Note of the night: Coming off two starts in which his command was off, his pitch counts ran high and he was done sooner than expected, Jaime Garcia wanted to right the ship. He wasn’t pitching badly, but he wasn’t getting as deep into games as he or the Cardinals wanted.
He succeeded on Wednesday, getting through seven innings on 111 pitches and issuing one walk — the third time this year he’s kept the walk total that low, and the first time since May 14. After the game, Garcia explained the changes he made.
He said that for one, he made some small mechanical tweaks, but that really wasn’t the big deal. It was more a matter of approach. He explained that what was happening was that he’d been aiming his fastball too narrowly.
Garcia was trying to throw pitches right on the black. But with the movement on his fastball, he doesn’t need to do that. Especially when pitching to a left-hander, he can aim more for the heart of the plate and get movement toward the edge.
“You kind of think about, OK, what is my fastball doing?” he said. “My fastball is moving this way [in on a left-handed hitter]. If it’s moving this way, try to use more of the middle of the plate so it will be on the corner. If it’s moving this way, and you go to the corner, it’s going to be a ball every time.”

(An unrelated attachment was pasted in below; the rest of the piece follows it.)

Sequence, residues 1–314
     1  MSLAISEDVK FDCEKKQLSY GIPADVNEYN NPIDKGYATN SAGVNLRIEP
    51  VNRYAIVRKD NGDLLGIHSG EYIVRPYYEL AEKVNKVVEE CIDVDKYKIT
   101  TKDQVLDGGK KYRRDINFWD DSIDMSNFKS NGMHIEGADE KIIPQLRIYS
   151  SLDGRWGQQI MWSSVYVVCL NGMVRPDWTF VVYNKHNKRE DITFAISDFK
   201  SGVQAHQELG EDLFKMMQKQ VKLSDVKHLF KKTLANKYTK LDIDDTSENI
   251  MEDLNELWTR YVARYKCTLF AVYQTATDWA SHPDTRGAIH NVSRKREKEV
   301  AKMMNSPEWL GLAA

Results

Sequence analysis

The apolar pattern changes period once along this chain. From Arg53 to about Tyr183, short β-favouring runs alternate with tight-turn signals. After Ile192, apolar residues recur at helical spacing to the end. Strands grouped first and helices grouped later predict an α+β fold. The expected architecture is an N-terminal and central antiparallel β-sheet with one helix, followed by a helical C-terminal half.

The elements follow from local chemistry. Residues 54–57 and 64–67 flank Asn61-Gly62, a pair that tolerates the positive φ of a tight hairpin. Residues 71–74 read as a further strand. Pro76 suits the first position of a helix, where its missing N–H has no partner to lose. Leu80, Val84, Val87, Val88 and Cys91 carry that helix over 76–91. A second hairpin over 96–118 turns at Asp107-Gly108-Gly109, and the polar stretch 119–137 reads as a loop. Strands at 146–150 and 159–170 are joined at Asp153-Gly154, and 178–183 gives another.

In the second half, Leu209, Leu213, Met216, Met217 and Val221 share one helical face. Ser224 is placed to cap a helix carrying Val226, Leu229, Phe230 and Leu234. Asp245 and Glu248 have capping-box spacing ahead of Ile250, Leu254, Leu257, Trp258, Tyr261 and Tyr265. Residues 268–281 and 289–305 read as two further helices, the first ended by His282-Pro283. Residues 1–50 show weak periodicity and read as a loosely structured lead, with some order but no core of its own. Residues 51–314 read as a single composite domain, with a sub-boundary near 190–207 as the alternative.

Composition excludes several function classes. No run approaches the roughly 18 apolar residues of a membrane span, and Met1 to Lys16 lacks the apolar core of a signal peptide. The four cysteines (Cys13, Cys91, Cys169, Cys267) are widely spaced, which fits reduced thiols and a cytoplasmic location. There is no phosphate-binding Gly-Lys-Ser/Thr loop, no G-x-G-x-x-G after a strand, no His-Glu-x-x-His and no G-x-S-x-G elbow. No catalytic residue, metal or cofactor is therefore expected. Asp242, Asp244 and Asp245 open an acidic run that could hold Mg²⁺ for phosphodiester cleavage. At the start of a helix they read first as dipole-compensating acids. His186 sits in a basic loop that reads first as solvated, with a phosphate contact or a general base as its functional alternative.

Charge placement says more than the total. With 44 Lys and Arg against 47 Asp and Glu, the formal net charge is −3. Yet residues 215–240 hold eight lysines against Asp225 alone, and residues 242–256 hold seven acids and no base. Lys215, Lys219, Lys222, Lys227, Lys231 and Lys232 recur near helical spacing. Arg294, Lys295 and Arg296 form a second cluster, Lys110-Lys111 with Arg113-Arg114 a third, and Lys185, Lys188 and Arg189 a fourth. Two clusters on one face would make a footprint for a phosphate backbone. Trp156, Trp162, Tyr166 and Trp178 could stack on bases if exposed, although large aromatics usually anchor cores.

Once he made that adjustment, Garcia was able to trust his fastball more, throw it earlier in counts, get ahead and work off of it. It’s pitching A-B-Cs, really. Get ahead with your fastball, then finish hitters off with your breaking pitches. When he wasn’t getting ahead with the fastball, hitters were laying off his offspeed stuff, leading to deep counts, walks and long innings.
“The last two starts are the only ones that I changed a little bit, trying to do too much,” he said. “You’ve got to step back and relax a little bit, think about, ‘OK, what is going on? There is something definitely going on. Why are you walking guys? Trying to be too fine?’ So you look back at the video, realize what you’re doing and go back to where you were. Make adjustments.
“It’s [about] having more confidence in my fastball, and using the plate more. Early in the game, the last couple games, I was trying to be too fine and I ended up walking guys. Tried to be on the corner and the ball was [moving off the plate]. So I try to keep the ball down and use more of the middle of home plate. and then later you can go to the corners a little bit more, you can bounce a curveball. But it was more being able to get ahead with my pitches and then make adjustments as the game goes on.”
It worked very well. This was the Garcia the Cardinals want to see, even if he allowed more runs than he did in his previous game. He can be efficient, he can get groundballs and quick outs. And if he does that, he can not only be effective but help take strain off the bullpen.
Stat of the day: David Freese his hitting .318 with a .441 slugging percentage, which comes out to an isolated slugging percentage of .123. His career ISO in the Minors was .224, and it was never below .187 in any Minor League season.
Fun with double situational splits: Hitters are 3-for-20 with runners in scoring position against Garcia in June.
And, finally, the playlist:
The Gaslight Anthem, “Diamond Church Street Choir”
Beck, “Cellphone’s Dead”
The Asteroids Galaxy Tour, “Around the Bend”